Adventure Tech: GoPro Releases New Mid-Level Camera, Hints at Drone and VR in the Works

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It has been a busy week in terms of news from the folks at GoPro, the makers of the ubiquitous action camera that seems to be carried by just about everyone these days. Yesterday, the company released a new mid-level camera that helps lower the barrier for more people to use their devices, and last week CEO Nick Woodman announced that the company was working on building not only a drone, but a complete package for creating virtual reality films as well.

The new entry level camera is called the Hero+ LCD and as the name suggests, it comes equipped with a touch-screen LCD that provides users with the ability to make easy adjustments to the device’s settings and more easily view the footage that they are capturing. The camera is capable of shooting video in full 1080p resolutions at 60fps, and has both Wi-Fi and Bluetooth connectivity options too. It comes with a waterproof case that allows it to be submerged in up to 40 meters (131 feet) of water, and it has onboard editing for making basic cuts to the captured clips without needing a computer, tablet, or smartphone.

The new Hero+ LCD falls squarely between the entry-level Hero ($129), and the slightly more capable Hero4 Silver ($399). It is expected to go on sale June 7 – this Sunday – at a price of $299.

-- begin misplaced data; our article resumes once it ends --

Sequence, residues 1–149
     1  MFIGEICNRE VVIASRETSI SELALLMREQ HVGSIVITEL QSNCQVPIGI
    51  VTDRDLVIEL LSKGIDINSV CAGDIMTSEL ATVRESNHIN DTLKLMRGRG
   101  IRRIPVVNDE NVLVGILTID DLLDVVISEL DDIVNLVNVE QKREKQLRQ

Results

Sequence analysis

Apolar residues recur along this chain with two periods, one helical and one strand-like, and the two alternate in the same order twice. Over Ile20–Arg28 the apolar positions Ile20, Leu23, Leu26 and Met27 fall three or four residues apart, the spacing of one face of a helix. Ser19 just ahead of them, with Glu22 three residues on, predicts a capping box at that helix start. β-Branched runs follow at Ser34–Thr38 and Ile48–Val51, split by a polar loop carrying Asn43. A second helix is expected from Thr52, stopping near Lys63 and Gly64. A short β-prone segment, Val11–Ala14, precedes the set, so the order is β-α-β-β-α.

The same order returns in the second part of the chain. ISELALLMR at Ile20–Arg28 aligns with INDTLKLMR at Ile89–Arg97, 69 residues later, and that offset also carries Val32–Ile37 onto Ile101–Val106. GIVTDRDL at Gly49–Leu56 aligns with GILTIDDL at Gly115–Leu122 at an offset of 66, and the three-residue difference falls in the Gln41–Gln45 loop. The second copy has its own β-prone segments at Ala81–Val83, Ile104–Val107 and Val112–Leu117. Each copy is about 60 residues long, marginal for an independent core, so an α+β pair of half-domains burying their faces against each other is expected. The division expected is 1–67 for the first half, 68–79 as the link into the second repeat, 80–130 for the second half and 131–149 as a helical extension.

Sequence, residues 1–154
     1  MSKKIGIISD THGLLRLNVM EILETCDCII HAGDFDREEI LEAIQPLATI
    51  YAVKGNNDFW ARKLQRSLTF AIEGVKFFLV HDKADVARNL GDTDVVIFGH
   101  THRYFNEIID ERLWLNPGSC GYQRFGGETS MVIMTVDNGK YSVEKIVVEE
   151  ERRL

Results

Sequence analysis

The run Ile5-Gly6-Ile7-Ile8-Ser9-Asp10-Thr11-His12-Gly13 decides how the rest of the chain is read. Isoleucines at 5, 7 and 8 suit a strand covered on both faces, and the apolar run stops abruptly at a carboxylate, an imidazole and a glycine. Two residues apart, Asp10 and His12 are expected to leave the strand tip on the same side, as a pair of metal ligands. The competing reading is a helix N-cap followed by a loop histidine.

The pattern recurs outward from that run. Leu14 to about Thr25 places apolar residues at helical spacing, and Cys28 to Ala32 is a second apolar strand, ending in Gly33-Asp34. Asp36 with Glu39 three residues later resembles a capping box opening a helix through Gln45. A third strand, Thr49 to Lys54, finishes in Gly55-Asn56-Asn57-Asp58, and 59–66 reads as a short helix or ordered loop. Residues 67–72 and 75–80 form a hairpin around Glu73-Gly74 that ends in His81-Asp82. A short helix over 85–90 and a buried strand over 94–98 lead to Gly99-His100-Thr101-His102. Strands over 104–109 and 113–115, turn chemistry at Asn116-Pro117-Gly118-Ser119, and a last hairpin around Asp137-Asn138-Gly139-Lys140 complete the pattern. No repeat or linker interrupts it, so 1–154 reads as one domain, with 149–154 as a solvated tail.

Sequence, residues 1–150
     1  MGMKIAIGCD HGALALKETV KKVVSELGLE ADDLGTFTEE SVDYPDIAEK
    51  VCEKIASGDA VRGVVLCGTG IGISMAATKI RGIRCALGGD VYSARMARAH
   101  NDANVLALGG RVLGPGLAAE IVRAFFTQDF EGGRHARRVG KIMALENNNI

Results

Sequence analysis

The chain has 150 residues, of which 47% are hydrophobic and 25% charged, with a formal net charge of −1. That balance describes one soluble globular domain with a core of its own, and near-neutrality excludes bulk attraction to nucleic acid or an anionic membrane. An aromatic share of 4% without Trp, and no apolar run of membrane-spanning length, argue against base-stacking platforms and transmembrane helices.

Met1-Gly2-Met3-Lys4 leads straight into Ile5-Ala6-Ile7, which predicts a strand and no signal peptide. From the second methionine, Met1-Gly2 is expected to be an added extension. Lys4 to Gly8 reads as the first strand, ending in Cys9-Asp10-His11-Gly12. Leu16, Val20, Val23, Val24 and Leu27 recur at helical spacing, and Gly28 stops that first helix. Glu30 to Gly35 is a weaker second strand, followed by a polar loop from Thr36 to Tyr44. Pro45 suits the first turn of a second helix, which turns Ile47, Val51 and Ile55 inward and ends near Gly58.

Perhaps even more interesting is the news that GoPro is working on creating a drone of their very own. The company’s cameras have been popular with the drone crowd over the past couple of years, but up until now it has been content to stay out of that market. That will change in 2016 however, which is when it will release a quadcopter model to consumers. The price and design of that drone are not yet known, but it is expected to be released in the first half of next year.

Woodman also told a crowd at the Code Conference in California last week that GoPro is diving headfirst into the burgeoning virtual reality market. With products like Oculus Rift and Samsung Gear VR coming to the market in the next few months, VR is expected to take off like never before. To meet that demand, GoPro is building a special housing that will allow filmmakers to use six cameras at once, capturing video in multiple directions. Specialized software will than be used to stitch the video together, creating a seamless VR environment. The new housing is expected to debut later this year at a price of between $1500 and $2000, which puts it out of reach for most consumers, but should appeal to the professionals using GoPro cameras already.

It is an exciting time for a company that has grown in leaps and bounds over the past few years. It seems evident that GoPro isn’t about to be left behind by new technology, and that they are working hard to maintain their crown as the leader in the action cam market.

Kraig Becker